Real World Vagrant For Distributed Computing - Part I | Toyin Akin | Skillshare

Real World Vagrant For Distributed Computing - Part I

Toyin Akin, Geek BigData Engineer, Geek Financial Programmer

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19 Videos (1h 10m)
    • Introduction to the course

    • My Backstory

    • Virtulization Tooling - Part I

    • Virtulization Tooling - Part II

    • Virtulization Tooling - Part III

    • Enterprise Hardware - Part I

    • Enterprise Hardware - Part II

    • Download VirtualBox and GitBash

    • Download Vagrant, Sublime Text

    • Whiteboard Virtual Machines

    • Startup Vagrant Tooling

    • Startup the simpliest VM

    • Building out the vagrant file

    • Location of vagrant Centos boxes

    • Bootup our first Centos VM

    • Log into our Vagrant Centos VM

    • Navigate Vagrant Environment

    • Vagrant Commands

    • Summary of Vagrant Part I


About This Class

Note : We have now added a "pocd_config.vm.box_version" variable to the vagrantfile so that the course uses a static version on the Centos box.

In Part I of "Vagrant for Distributed Computing" we download the tooling needed to build out a multi VM virtual environement on our desktop. We quickly boot up a Centos Linux OS using only six lines of ruby code!!

The class project contains a copy of the final vagrantfile used in part #1.

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"NoSQL", "Big Data", "DevOps" and "In Memory Database" technology are a hot and highly valuable skill to have – and this course will teach you how to quickly create a distributed environment for you to deploy these technologies on. 

A combination of VirtualBox and Vagrant will transform your desktop machine into a virtual cluster. However this needs to be configured correctly. Simply enabling multinode within Vagrant is not good enough. It needs to be tuned. Developers and Operators within large enterprises, including investment banks, all use Vagrant to simulate Production environments. 

After all, if you are developing against or operating a distributed environment, it needs to be tested. Tested in terms of code deployed and the deployment code itself.

You'll learn the same techniques these enterprise guys use on your own Microsoft Windows computer/laptop.

Vagrant provides easy to configure, reproducible, and portable work environments built on top of industry-standard technology and controlled by a single consistent workflow to help maximize the productivity and flexibility of you and your team.

This course will use VirtualBox to carve out your virtual environment. However the same skills learned with Vagrant can be used to provision virtual machines on VMware, AWS, or any other provider.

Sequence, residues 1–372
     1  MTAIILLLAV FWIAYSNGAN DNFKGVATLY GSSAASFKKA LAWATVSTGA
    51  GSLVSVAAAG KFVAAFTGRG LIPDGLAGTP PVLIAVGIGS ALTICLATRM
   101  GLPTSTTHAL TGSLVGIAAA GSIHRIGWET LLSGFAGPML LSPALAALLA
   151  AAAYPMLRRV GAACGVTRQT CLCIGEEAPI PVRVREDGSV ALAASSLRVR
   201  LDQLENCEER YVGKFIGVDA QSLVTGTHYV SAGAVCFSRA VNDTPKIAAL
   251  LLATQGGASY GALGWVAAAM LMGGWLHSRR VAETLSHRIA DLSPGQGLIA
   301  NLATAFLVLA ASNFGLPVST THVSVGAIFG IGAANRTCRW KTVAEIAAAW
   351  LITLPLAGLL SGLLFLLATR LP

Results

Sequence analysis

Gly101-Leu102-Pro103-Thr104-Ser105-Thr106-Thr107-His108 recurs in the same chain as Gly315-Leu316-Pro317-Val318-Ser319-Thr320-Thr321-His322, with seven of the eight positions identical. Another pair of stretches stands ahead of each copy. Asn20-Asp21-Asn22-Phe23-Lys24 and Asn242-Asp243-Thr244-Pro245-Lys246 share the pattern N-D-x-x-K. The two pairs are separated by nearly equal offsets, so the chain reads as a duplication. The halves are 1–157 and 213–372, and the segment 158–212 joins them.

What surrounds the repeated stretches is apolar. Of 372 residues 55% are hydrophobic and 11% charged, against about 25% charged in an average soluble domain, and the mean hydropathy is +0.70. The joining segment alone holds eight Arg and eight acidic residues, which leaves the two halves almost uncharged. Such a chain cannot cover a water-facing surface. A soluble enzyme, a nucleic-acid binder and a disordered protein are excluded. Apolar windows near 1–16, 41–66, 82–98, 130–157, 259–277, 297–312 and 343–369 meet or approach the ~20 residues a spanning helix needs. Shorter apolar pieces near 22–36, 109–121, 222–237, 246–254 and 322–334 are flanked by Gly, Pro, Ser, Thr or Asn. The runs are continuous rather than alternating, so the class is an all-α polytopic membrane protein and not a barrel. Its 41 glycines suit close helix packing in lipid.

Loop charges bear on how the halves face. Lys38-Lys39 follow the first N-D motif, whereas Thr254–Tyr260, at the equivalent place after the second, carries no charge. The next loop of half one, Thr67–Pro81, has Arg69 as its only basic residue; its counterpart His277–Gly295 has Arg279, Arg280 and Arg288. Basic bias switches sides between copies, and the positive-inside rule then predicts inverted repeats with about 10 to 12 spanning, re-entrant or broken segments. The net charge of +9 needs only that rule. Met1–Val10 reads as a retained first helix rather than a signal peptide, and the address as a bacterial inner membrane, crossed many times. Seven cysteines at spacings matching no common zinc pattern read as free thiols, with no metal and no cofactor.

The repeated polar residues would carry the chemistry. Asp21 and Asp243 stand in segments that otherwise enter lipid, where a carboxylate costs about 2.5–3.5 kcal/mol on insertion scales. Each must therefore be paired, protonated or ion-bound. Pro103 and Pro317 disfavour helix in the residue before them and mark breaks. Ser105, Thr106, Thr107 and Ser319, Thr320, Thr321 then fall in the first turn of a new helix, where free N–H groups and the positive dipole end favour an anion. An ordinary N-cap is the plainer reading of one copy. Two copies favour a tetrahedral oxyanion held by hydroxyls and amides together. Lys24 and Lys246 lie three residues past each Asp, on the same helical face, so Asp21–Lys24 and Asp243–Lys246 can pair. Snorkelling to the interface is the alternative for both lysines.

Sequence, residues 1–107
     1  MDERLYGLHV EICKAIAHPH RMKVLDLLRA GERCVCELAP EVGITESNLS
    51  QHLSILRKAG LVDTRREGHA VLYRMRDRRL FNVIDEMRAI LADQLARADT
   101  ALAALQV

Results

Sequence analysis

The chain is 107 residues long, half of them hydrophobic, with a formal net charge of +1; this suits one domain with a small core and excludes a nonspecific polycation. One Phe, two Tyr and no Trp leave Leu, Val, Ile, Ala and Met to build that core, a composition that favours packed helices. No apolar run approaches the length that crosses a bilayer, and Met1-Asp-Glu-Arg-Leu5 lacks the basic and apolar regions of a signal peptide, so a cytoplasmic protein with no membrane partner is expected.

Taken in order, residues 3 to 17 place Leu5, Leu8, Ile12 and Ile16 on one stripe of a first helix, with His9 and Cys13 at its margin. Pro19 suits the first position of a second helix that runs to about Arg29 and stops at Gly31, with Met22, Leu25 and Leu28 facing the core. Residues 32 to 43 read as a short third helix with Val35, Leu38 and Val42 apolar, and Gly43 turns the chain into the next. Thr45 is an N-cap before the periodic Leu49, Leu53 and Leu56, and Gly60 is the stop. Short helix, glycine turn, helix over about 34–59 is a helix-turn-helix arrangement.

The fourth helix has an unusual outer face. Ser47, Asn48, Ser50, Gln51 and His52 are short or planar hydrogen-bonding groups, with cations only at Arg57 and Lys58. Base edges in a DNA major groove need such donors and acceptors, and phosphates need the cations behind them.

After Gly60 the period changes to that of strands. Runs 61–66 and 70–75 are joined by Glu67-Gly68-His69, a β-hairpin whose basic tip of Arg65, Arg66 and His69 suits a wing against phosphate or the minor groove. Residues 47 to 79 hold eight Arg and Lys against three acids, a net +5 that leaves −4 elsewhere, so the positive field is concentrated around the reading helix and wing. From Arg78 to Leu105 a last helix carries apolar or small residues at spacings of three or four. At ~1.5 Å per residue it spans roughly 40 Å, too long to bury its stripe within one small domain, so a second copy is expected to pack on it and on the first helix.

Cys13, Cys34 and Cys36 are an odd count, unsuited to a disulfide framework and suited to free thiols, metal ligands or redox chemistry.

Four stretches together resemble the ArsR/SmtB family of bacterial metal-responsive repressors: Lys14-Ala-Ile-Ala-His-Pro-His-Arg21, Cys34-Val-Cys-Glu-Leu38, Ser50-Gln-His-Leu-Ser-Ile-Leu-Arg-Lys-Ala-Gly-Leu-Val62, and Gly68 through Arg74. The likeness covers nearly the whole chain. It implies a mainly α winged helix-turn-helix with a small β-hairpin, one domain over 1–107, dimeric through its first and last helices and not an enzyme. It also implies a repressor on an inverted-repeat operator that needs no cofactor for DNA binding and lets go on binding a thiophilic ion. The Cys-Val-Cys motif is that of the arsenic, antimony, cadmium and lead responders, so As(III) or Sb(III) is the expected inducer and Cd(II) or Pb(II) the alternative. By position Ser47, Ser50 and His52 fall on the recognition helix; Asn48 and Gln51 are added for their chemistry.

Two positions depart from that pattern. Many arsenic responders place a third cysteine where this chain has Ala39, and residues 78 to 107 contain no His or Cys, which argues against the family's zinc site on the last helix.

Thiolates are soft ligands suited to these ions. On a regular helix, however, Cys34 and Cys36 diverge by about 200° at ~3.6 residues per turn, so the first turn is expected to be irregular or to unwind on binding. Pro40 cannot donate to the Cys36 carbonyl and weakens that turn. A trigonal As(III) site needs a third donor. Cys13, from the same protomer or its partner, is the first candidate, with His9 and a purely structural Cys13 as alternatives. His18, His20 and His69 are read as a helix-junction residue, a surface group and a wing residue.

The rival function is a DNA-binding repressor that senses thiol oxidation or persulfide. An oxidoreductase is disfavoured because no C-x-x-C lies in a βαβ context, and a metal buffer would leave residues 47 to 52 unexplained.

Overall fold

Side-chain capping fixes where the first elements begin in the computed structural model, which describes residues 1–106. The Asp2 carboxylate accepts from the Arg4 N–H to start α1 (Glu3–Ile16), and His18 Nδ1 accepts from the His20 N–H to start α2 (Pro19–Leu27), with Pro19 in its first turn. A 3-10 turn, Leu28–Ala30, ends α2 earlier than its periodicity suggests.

If you are a developer, this course will help you will isolate dependencies and their configuration within a single disposable, consistent environment, without sacrificing any of the tools you are used to working with (editors, browsers, debuggers, etc.). Once you or someone else creates a single Vagrantfile, you just need to vagrant up and everything is installed and configured for you to work. Other members of your team create their development environments from the same configuration. Say goodbye to "works on my machine" bugs.

If you are an operations engineer, this course will help you build a disposable environment and consistent workflow for developing and testing infrastructure management scripts. You can quickly test your deployment scripts and more using local virtualization such as VirtualBox or VMware. (VirtualBox for this course). Ditch your custom scripts to recycle EC2 instances, stop juggling SSH prompts to various machines, and start using Vagrant to bring sanity to your life.

If you are a designer, this course will help you with distributed installation of software in order for you to focus on doing what you do best: design. Once a developer configures Vagrant, you do not need to worry about how to get that software running ever again. No more bothering other developers to help you fix your environment so you can test designs. Just check out the code, vagrant up, and start designing.





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Toyin Akin

Geek BigData Engineer, Geek Financial Programmer

LinkedIn :

" ...A financial developer is a high-end programmer in a financial institution. By comparison, a regular "software developer" in the same institution is a low status position, but if you can get people to call you a "financial developer" you suddenly become more valuable ... "

Toyin Akin spent 6 years at "Royal Bank of Scotland" and 5 years at the investment bank "BNP Paribas" developing and managing Interest Rate Deri...

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